Brunello is a grape (a high quality variant of the Sangiovese grape called Sangiovese Grosso), that is grown in Montalcino, a town in Southern Tuscany. Montalcino towers over the surrounding area, as it if it’s an island on land.
Pair Brunellos with heavy meat dishes, such as steak, beef stroganoff, oxtail, beef wellington, or game paired with mushroom sauces. They’ll also bode well against heavy pasta dishes, rich stews and blue-veined cheese or Pecorino Cheese, where the notes of blackberry, chocolate, leather and cedar add complexity to the pairing.
Brunello di Montalcino is one of the few DOC wines that is hunted by wine collectors due to its depth of flavour, and its ability to age for decades.
Brunello requires serious ageing (up to 10 years or more) and breathing (at least an hour) before they are ready to drink. Otherwise, the wine might come off as extremely dry and acidic. At its prime, however, notes of blackberries, leather, chocolate and cedar will shine through.
The commune of Montalcino is not far from Chianti Classico, so you’d expect a similar style of wine. However, the climate of Montalcino is much more dryer and hotter, and the soil has much more limestone, and sand, meaning the soil stays warm (compared to clay, which is cooling). These differences make Brunello di Montalcino a much more powerful wine.
If you wish an immediately accessible Montalcino wine, try Rosso di Montalcino. These wines are usually a great value and are a nice teaser of what Brunello di Montalcino has to offer.
Pairing Brunello with Food
Brunello and Beef Pairing
Brunello is a hearty red wine, and it needs a dish with a lot of substance. A simple roast of beef or a Tuscan style steak (Bistecca Alla Fiorentina) pairs well with Brunello if it’s lightly seasoned, and not accompanied by a lot of sauces. The simpler the better, as the wine has spicy flavours that you may not appreciate if there is too much flavour already on your plate.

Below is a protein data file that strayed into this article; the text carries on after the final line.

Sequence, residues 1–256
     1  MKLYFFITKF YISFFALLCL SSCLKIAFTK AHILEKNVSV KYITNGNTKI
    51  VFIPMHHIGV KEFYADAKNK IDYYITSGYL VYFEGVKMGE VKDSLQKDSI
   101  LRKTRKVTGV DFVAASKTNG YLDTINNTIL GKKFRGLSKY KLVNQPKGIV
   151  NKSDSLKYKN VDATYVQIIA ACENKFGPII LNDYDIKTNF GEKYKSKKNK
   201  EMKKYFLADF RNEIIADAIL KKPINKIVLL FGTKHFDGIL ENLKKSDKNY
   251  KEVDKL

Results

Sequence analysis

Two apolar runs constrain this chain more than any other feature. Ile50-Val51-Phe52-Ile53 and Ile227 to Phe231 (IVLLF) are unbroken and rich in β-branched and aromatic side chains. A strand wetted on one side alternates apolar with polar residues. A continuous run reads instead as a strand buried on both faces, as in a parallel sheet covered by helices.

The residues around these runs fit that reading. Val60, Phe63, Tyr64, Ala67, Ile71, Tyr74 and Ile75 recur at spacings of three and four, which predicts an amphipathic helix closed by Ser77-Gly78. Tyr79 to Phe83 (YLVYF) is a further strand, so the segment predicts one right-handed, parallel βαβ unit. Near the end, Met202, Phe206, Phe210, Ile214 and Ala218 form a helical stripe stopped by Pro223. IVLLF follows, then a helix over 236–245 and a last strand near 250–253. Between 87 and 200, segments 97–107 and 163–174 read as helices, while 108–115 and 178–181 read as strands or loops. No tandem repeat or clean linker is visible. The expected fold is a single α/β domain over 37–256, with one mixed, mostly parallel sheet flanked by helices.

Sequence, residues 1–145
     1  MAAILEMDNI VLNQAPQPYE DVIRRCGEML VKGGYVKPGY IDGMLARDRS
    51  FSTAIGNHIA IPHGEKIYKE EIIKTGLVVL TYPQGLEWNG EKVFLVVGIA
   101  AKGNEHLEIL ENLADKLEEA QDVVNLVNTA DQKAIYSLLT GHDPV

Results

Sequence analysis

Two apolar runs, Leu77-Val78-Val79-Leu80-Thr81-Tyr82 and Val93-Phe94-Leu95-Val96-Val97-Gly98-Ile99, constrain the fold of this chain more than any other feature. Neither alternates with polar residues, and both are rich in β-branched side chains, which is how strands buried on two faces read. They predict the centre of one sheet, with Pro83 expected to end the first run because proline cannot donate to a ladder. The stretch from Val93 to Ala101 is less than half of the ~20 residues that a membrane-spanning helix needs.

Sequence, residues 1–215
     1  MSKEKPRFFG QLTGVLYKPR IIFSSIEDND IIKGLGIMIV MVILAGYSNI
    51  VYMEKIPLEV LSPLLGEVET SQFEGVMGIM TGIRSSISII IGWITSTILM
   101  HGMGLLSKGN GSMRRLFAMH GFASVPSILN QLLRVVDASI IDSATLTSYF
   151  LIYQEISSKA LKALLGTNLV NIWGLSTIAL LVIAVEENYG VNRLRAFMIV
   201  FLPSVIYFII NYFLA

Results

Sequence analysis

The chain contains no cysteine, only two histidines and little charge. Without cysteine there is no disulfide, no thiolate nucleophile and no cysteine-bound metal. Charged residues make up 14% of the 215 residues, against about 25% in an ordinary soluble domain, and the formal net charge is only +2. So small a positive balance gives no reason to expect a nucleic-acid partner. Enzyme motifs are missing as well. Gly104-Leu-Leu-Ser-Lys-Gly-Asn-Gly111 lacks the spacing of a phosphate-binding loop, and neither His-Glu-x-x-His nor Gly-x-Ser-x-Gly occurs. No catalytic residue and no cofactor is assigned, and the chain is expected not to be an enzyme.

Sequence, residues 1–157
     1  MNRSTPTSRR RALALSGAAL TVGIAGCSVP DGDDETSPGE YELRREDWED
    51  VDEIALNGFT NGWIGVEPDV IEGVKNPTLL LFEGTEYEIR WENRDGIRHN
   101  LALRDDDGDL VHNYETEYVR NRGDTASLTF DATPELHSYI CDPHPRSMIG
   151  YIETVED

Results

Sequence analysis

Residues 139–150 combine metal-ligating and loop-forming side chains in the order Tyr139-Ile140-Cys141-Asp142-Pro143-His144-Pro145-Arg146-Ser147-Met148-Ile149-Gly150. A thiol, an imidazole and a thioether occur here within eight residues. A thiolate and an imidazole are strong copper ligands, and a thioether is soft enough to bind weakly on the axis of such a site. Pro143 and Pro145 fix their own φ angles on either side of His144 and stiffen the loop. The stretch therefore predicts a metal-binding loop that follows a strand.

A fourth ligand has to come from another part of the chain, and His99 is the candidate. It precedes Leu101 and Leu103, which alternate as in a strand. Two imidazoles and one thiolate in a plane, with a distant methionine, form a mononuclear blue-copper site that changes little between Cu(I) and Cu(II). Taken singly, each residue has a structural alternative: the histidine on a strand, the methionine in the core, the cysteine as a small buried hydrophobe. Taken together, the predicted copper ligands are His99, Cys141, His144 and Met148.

Remember, if you are busting out a Brunello, it’s a rare treat, so you want to give the wine its full attention to fully appreciate what it has to offer. Extra saucy foods or complicated flavours will go fine with Brunello, but you’ll end up missing half of the beauty of this wine.
Brunello and Game Pairing
Most hearty meats will pair well with Brunello, such as lamb, venison, pheasant, wild boar, or rabbit (like rabbit ragu). Brunello works well, as the in-depth flavours are a perfect foil for the gamey flavours of wild game. Meanwhile, the leather and cedar notes complement the natural flavours of the hearty game meats.
Lighter meats, such as turkey, fish or chicken, are a bad idea as the flavours will be overpowered by Brunello. However if it’s in a strong tomato-based sauce, such as Cacciatore, Brunello will pair up fine.
Oxtail Stew and Brunello Pairing
Oxtail was once really from an ox, but now it is usually beef or veal tail. While it’s bony, this cut of meat is quite flavourful, but it can also be tough. Thus, it often requires long and slow braising, or it is used in stews, or soups. We love Brunello with Oxtail stew, where you have this hearty dish, complemented by a fruity red, with leather, chocolate and spicy flavours.
The tongue curling tannin in this wine is tamed by a rich and meaty stew, making this wine accessible, and allowing you to explore all it has to offer.
If you are braising your Oxtail, we suggest you don’t use Brunello. While it will make your dish incredibly tasty, a less expensive Sangiovese grape-based wine will suffice. Chianti, Vino Nobile and Carmignano are much more affordable alternatives that will imprint flavours to unify with your Brunello for when you are ready to dine.
Portobello Mushrooms and Brunello Pairing
A pairing perfect for vegetarians. Portobello Mushrooms are rich in texture and flavour, meaning they’ll hold up to this powerful wine. We recommend cooking serving the Portobello Mushrooms in a risotto, or over polenta to keep the dish exciting.
Interpreting the Label
For a wine to be a Brunello di Montalcino
Contents: 100% Sangiovese “Brunello” grapes
Aging: Minimum for 2 to 4 years in Oak Barrels (the longer the aging, the less fruitier it will be)
Brunello di Monalcino Riserva: Wine is aged 5 months in Oak Barrels + 6 months in the bottle before it is released.